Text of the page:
En Route: A Career Blog

Make a Good First Impression with Your Cover Letter

AUTHOR: Darlene Zambruski
CATEGORY: , ,
POSTED: May 10, 2011 at 2:31 pm

If you decide to include a cover letter when submitting your resume, it’s important to read these tips:

A Cover Letter is Not a ‘Here’s my Resume’ Note

1. Don’t simply send a cover letter that states – “my resume is enclosed”. That’s a given. You’re wasting the hiring manager’s time and you’re missing out on a great opportunity to sell yourself by being so cryptic.

The Salutation is Critical

2. Never address the cover letter to Dear Sir or Madam – or worse – To Whom It May Concern. That’s equivalent to Dear Occupant. Go online and find the name of the hiring manager at the company. Call the company and ask the receptionist to whom a letter should be addressed. If you’re answering a blind ad (the company’s name isn’t given), then don’t use a salutation. Instead, write:

Re: Job #876ABC

or

Re: Junior Accountant Position

Then get right into the body of your letter.

The Hiring Manager Want to Learn About You

3. Use the letter to tell the hiring manager about you – not the company. You’re wasting the HR person’s time when you state something like – “I’m excited about applying to your company because you make the best widgets in the business. USA Today stated that you were…”  Guess what – the hiring manager already knows all this. What s/he doesn’t know is who you are and what you can bring to the company in terms of knowledge, skills, abilities.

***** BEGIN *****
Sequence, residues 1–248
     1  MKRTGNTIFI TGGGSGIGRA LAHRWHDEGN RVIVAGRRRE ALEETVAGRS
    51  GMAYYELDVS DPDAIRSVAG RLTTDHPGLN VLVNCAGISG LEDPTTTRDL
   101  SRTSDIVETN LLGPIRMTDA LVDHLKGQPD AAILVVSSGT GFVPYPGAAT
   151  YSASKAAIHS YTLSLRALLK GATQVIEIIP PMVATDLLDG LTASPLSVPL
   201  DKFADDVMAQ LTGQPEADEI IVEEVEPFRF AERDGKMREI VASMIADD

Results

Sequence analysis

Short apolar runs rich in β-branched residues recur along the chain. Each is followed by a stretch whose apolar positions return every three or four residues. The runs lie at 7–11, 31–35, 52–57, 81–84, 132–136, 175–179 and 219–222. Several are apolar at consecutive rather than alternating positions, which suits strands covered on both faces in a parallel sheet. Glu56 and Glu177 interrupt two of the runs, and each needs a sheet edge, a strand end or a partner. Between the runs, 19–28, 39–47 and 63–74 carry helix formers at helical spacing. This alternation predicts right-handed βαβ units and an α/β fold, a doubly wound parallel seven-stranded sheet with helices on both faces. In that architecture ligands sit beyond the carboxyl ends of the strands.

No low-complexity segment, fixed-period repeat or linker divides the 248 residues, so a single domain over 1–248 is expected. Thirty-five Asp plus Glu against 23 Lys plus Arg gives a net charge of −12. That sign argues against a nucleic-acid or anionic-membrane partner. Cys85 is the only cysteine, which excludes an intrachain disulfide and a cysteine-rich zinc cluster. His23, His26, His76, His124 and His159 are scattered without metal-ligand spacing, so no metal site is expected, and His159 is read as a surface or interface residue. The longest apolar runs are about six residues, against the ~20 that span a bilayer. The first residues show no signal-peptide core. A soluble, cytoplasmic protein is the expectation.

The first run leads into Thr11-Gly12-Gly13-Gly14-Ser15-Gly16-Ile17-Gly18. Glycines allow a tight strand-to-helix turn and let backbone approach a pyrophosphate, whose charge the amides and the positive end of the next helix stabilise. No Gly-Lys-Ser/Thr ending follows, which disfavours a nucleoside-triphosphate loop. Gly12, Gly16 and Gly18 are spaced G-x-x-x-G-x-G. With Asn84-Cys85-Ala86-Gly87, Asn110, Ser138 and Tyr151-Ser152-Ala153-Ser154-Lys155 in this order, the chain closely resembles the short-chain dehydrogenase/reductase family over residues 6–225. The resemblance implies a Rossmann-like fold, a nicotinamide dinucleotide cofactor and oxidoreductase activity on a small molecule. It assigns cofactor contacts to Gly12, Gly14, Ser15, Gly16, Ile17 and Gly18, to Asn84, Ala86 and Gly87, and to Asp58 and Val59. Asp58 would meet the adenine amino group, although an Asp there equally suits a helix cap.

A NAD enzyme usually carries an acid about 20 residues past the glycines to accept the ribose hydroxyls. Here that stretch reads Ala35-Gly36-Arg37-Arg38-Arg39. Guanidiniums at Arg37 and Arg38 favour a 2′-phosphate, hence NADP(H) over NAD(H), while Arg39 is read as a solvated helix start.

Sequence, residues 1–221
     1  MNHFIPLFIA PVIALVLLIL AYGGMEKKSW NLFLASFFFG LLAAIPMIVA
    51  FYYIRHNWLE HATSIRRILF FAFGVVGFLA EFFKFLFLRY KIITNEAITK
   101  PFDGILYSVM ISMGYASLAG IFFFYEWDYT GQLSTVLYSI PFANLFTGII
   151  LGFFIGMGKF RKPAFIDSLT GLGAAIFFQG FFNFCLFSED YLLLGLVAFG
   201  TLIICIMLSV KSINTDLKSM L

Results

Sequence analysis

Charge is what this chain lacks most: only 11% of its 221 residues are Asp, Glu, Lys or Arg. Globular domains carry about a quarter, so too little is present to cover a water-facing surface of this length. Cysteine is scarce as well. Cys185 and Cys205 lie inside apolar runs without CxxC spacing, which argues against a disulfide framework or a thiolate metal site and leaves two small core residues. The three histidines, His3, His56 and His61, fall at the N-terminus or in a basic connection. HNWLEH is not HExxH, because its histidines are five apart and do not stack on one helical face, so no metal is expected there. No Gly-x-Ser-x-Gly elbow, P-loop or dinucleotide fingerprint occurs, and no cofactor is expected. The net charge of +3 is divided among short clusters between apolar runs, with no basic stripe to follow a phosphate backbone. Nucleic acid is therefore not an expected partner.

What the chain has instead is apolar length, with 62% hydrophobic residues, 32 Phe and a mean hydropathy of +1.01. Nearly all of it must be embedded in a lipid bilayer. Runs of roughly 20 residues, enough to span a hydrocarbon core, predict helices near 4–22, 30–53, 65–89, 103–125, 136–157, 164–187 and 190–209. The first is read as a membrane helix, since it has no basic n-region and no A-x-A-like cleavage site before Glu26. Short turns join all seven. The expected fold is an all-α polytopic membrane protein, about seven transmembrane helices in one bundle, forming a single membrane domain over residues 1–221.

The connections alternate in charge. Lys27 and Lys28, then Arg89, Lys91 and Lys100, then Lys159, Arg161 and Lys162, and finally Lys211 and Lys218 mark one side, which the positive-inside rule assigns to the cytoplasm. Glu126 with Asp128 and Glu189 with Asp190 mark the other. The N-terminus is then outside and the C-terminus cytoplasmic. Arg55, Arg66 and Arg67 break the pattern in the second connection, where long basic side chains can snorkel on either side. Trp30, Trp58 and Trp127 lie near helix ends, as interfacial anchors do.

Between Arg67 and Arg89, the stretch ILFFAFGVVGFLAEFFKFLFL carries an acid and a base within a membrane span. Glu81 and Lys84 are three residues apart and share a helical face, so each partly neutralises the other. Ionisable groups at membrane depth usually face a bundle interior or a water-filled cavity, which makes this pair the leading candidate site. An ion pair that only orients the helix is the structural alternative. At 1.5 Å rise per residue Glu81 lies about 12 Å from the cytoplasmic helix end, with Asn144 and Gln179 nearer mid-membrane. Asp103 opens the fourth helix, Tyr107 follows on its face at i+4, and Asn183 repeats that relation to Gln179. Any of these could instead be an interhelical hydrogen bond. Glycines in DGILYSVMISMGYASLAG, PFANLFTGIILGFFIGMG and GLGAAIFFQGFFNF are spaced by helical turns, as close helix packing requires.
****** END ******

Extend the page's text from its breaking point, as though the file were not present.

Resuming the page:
Don’t Make the Hiring Manager Guess the Position You Want

4. Use the opening paragraph to state the job you’re applying for and why you’re the perfect candidate for the position. Don’t make the hiring manager guess as to the purpose of your letter. Most won’t. They’ll simply move on to the next candidate.

Formatting is Critical

5. Bullet the middle of the letter and state your most stellar achievements – as they pertain to the qualifications needed for the job. In other words, sell yourself here.

Close Your Letter on a Proactive Note

6. End the letter by stating that you’ll be contacting the hiring manager to follow up on your interest in the position. If you don’t take that first step, you might be waiting a long time for an interview.

A cover letter isn’t just another document giving you a chance to say you want a job. Again, that’s a given. It’s a marketing piece, like the resume, to sell the hiring manager on your unique talents and abilities.